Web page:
Thursday, July 15, 2004

139 The travel writing genre

Lakeside, from which I’m writing, is a Chautauqua community and offers classes and programming on many topics--and there was a travel writer on the program list this week. I didn’t go for two reasons, I don’t travel much, and I’m not interested in publication (usually a topic within writing classes). Actually, three reasons; I don’t read travel literature. But I thought this observation about Evelyn Waugh’s newly reissued travel writing was interesting at First Things. Waugh Abroad: Collected Travel Writing
“For the most part, Waugh’s books are not really about travel at all. True travel writers work upon the assumption that their task is, primarily, to see and to describe, and where possible to enter into as profound a sympathy for their subjects as they can; Waugh proceeds upon the (subversive) assumption that his business is to evaluate and to comment, and to avoid sympathy as assiduously as circumstances and good taste permit. For all his considerable prowess as a stylist, in these books he rarely troubles to convey any image or experience with appreciable vividness or pungency (except where an opportunity for mockery presents itself). Any reader of his novels knows that he was quite capable of painting pictures with words when necessary; but his genius lay elsewhere. His prose is urbane, unsentimental, and economical, hospitable to moments of purple abandon but at its best when its controlled and even flow allows him to pass from delicacy to savagery and back again without any visible effort. It is, in short, a prose of personality, not of scenery; of irony, not of anecdotes. And so it is in these books.”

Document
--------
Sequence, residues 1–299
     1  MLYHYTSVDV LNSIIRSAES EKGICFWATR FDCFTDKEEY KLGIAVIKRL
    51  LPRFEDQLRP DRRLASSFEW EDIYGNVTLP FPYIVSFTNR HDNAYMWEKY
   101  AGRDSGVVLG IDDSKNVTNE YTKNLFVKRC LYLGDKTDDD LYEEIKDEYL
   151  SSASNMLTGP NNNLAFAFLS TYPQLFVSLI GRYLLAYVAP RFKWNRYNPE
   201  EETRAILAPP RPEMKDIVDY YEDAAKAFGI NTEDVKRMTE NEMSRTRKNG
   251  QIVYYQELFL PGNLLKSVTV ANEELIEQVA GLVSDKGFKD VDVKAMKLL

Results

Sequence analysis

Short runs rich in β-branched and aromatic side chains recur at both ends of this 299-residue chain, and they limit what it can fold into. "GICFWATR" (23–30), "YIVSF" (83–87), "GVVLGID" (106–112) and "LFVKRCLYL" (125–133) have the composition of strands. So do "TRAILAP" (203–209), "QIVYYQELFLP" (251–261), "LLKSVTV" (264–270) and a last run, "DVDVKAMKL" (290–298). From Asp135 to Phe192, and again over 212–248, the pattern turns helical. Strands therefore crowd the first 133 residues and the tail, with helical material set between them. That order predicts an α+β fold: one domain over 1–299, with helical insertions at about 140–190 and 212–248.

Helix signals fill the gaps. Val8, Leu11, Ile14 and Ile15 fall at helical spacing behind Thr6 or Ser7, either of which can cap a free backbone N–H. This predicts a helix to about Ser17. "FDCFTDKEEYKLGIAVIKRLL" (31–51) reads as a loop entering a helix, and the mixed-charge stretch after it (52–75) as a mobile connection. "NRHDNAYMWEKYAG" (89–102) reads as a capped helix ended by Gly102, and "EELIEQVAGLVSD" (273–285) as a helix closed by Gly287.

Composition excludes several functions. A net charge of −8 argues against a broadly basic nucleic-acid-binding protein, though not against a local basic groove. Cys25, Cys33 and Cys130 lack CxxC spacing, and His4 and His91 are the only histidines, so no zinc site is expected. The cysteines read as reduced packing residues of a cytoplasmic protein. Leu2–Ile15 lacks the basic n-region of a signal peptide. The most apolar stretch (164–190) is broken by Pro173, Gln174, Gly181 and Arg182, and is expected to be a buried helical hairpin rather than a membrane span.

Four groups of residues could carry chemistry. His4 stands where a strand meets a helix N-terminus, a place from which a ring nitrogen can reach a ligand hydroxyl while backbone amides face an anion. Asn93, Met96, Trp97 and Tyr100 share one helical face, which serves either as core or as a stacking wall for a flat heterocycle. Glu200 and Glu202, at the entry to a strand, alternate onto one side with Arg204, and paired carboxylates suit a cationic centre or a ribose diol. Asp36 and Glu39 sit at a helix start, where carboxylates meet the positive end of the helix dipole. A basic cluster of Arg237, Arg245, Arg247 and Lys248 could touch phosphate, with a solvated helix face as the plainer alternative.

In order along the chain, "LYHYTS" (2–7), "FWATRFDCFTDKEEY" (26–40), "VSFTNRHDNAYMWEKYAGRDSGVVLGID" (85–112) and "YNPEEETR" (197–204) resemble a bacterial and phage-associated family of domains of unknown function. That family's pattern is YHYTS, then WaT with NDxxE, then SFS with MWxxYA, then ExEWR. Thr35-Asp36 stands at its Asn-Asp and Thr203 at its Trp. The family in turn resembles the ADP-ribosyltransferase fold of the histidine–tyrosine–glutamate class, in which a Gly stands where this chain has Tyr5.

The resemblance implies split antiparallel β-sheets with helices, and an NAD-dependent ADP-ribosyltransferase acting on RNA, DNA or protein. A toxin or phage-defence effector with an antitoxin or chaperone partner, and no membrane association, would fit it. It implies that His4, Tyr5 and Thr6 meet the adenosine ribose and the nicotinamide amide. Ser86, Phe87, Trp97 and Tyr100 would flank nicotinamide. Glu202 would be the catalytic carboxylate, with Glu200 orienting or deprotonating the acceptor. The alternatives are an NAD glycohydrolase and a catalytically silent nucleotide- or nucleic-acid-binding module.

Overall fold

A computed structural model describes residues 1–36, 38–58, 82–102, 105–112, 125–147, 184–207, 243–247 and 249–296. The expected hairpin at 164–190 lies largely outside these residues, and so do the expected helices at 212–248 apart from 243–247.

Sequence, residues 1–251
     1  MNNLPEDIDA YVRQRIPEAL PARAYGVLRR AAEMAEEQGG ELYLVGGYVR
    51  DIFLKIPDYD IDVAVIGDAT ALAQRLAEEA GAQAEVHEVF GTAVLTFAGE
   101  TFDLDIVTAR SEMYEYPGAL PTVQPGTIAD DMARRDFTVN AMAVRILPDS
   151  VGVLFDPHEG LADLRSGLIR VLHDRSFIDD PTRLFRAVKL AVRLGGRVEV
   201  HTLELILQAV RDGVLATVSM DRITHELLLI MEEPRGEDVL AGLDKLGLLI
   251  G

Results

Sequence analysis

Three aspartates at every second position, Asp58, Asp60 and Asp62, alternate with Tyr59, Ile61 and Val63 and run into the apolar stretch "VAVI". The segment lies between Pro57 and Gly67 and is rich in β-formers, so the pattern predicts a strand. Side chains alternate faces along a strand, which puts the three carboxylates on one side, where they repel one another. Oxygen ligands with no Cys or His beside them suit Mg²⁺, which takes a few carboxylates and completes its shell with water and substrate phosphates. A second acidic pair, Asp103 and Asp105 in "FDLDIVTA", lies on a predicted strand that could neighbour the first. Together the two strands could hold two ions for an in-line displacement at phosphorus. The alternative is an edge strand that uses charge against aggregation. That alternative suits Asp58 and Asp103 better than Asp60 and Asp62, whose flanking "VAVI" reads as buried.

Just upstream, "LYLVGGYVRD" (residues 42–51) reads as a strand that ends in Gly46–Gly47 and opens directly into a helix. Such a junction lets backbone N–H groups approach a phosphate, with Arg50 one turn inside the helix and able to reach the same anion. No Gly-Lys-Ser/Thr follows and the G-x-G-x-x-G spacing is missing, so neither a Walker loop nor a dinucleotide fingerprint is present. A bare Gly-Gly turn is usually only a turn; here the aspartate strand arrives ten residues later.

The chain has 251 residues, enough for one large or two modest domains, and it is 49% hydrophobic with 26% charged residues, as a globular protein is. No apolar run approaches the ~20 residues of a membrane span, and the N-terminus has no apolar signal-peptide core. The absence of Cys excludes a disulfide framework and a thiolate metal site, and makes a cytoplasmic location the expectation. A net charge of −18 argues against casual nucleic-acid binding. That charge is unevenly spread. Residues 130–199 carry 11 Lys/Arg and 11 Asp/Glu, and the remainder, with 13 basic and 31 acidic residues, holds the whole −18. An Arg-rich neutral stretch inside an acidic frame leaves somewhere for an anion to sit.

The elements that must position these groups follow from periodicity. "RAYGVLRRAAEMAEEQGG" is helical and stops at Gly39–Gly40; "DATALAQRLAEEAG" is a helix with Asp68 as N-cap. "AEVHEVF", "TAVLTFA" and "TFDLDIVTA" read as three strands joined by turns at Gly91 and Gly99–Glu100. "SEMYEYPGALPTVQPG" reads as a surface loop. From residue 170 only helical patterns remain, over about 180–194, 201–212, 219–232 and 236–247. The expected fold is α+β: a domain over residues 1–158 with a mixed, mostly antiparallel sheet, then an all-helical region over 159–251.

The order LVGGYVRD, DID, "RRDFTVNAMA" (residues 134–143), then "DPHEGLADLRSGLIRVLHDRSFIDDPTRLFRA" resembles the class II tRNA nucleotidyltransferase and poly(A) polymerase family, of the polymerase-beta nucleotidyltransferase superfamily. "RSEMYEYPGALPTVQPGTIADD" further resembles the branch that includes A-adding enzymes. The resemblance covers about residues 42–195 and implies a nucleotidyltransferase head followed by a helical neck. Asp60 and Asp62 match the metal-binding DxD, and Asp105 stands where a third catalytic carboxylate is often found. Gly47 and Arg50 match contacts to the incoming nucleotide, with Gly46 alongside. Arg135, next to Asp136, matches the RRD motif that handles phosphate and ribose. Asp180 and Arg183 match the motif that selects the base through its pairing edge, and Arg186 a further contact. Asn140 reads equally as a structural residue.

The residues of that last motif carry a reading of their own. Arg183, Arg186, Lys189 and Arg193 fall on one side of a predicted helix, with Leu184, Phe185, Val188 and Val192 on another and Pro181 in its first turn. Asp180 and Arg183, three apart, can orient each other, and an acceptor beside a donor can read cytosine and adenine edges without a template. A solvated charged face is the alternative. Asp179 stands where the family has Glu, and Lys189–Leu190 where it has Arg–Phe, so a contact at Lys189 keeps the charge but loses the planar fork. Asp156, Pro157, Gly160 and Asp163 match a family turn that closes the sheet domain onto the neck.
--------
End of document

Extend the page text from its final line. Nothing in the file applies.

The author did list some travel writers he enjoys and did cite the redeeming qualities in Waugh’s books--always about the author, not the travel. For example:
“[British Guiana] If there is any more unprepossessing expanse of earth upon the globe, one cannot imagine where. This book is an unremitting account of misery, privation, and pointlessness in a world of dun landscapes, tormenting insects, malnutrition, and cultural stagnancy. What makes it fascinating, though, is the almost demented composure of the author; it demonstrates with remarkable poignancy how, in its way, British equanimity can constitute a kind of emotional extremism.”

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